Later in the match, he would display some of the basics, but also a unique twist on the concept, dropping Edwards back first to the top of the turnbuckle, after both were battling on the top of the corner.

That, my friends, is what creative talent in the ring can deliver.

With a submission called the Stronghold (what we’d call a Boston Crab), and a setup involving the Sick Kick (what some of us would call a variant of the Yakuza Kick), and a solid blend of power, skill and conditioning, Roderick Strong plied his talents to the top of Ring of Honor.

In another era, Roderick Strong wouldn’t have a manager, and his clean-cut image and physical prowess and soft-spoken demeanor would make him a babyface without a doubt. In this cynical age, a wholesome character needs an obnoxious manager to make him less vanilla, and apparently more interesting to the fan base. What a cynical world we live in.

Edwards is a brash young talent, one-half of one of the best tag teams in the world, and partner of one of the best in-ring talents in the wrestling universe. Eddie Edwards has a growing reputation in Japan, across the US Indy scene, and has risen to the level of his competition, whether in singles or in tags.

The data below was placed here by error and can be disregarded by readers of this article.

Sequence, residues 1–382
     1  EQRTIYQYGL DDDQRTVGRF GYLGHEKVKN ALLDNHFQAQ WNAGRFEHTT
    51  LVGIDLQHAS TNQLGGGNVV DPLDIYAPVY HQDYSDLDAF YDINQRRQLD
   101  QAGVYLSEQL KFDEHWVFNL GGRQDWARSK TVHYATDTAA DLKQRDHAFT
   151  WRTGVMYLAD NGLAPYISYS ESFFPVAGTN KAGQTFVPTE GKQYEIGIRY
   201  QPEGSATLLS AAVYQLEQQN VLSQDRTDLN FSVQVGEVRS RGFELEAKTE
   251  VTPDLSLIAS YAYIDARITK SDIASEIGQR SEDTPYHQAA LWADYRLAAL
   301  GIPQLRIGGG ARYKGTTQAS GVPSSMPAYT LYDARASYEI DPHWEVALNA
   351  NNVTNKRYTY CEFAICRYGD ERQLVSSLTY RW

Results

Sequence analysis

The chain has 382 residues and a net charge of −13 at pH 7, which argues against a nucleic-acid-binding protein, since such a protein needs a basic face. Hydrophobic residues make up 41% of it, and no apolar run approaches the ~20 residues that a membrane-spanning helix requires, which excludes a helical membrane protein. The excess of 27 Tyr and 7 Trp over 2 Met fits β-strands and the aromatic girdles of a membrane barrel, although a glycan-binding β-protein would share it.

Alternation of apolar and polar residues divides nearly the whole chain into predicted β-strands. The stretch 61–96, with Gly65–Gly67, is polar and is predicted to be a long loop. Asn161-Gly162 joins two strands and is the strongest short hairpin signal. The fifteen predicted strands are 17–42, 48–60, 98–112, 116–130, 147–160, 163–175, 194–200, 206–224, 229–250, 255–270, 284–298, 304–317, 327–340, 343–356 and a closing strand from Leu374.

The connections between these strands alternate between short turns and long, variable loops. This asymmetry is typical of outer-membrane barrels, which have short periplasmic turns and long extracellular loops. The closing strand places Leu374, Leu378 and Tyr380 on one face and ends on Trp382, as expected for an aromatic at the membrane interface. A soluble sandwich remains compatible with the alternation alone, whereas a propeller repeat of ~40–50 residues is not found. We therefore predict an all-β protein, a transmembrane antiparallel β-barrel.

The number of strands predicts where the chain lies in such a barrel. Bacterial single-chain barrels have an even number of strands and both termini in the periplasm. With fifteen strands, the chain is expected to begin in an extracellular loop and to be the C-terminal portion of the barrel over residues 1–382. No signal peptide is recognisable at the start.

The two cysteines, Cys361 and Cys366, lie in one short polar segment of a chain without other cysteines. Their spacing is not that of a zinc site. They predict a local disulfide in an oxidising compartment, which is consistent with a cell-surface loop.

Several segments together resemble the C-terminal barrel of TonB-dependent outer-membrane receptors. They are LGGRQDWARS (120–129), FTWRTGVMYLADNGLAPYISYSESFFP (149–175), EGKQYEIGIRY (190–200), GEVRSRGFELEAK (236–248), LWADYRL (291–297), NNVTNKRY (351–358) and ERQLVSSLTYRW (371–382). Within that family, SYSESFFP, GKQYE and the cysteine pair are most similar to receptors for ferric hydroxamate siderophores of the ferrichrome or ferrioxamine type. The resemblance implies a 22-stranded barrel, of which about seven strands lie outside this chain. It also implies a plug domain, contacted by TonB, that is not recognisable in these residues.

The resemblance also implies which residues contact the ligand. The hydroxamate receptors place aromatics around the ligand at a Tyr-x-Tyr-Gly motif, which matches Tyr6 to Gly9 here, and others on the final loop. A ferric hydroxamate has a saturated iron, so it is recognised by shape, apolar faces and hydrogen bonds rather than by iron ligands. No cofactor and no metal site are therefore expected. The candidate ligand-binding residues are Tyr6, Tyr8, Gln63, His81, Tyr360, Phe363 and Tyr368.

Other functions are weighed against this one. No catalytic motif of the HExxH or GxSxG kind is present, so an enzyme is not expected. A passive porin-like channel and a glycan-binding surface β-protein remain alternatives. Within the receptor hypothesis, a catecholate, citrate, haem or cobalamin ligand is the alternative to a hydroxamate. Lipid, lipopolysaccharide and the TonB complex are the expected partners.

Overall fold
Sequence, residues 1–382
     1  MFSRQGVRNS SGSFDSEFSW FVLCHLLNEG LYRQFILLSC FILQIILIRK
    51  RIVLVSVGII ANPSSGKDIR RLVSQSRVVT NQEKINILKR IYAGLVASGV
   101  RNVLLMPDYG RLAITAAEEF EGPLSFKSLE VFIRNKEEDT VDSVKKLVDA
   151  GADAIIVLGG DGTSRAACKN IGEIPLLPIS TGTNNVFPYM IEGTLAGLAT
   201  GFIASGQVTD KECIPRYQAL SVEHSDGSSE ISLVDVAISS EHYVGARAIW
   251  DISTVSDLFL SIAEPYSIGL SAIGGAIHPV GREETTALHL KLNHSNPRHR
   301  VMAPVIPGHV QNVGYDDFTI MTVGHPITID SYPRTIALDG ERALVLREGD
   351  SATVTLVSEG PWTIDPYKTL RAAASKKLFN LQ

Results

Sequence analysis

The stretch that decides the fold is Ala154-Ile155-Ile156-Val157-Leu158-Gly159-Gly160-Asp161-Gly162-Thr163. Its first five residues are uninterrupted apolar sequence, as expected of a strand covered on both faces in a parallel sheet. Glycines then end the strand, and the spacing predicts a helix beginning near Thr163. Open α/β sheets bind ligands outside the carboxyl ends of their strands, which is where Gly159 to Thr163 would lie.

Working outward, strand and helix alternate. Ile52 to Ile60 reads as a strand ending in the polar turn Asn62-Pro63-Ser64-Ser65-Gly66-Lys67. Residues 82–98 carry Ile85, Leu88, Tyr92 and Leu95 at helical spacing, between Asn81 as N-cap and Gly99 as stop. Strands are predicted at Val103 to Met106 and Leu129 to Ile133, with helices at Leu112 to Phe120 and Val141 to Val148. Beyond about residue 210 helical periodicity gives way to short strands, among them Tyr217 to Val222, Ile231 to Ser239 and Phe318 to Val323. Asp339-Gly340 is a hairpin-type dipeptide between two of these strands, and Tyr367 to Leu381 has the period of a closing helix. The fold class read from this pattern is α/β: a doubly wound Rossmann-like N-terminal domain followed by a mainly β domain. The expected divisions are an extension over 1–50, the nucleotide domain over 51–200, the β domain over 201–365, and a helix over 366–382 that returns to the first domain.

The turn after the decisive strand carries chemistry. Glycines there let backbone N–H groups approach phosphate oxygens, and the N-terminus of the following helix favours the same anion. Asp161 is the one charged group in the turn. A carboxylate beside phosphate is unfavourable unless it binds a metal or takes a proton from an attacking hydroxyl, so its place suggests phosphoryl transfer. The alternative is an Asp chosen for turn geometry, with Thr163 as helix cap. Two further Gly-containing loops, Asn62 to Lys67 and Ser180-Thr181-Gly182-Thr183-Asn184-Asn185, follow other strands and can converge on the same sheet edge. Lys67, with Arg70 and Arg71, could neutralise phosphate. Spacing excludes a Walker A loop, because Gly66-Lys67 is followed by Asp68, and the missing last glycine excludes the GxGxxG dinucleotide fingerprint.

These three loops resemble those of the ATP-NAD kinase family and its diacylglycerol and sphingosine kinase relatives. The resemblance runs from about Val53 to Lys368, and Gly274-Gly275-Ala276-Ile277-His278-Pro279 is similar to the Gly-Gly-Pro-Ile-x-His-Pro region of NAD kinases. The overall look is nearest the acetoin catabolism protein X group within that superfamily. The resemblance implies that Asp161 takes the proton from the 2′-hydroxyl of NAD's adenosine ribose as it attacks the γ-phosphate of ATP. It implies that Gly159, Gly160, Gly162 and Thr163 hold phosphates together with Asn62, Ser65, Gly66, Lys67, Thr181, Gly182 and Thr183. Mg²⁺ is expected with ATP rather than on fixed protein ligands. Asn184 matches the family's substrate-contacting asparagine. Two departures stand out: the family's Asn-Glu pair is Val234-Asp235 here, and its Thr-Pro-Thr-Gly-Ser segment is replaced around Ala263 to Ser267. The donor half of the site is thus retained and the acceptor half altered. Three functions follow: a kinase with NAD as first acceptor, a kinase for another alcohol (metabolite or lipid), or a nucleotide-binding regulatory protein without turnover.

The challenger comes in as a hard-hitting competitor, with speed and tenacity and a growing understanding of various styles, and a mastery of submissions – notably the Achilles Lock (also looking quite like a Single Leg Boston Crab).

Edwards secured his slot among the toughest in the scene by gutting out a broken elbow during a match with Kevin Steen, then defending the tag titles as the American Wolves (with Richards) against Steen & El Generico the very next night. Unfortunately, a month later - after coming back from surgery - the Wolves lost the belts to the Briscoes.

In 2010, Edwards spent much of the year as Television Title holder, beating all challengers, kicking off the Ten Minute hunt, until falling to Christopher Daniels. He won the Survival of the Fittest Tournament, defeating Chris Hero along the way.

No other wrestler in Ring of Honor ever held all three current belts, and while the TV Title wasn’t around all that long, the prospects of Edwards being the first man to hold tag team and singles gold in ROH seemed a lot less than his partner, Davey Richards.

But the nickname “Die Hard” was proven to be an apt moniker.

From that opening-minutes exchange of chops, Edwards showed that he could hang with the Champ, and at his own game. From there, the match had that indy fell, albeit one with stiffer strikes and a deeper passion. The exchanges were there, the subtleties and the action. It wasn’t exactly nonstop, but it was progressing.

And then it rose from normal to great by the story being told in the ring.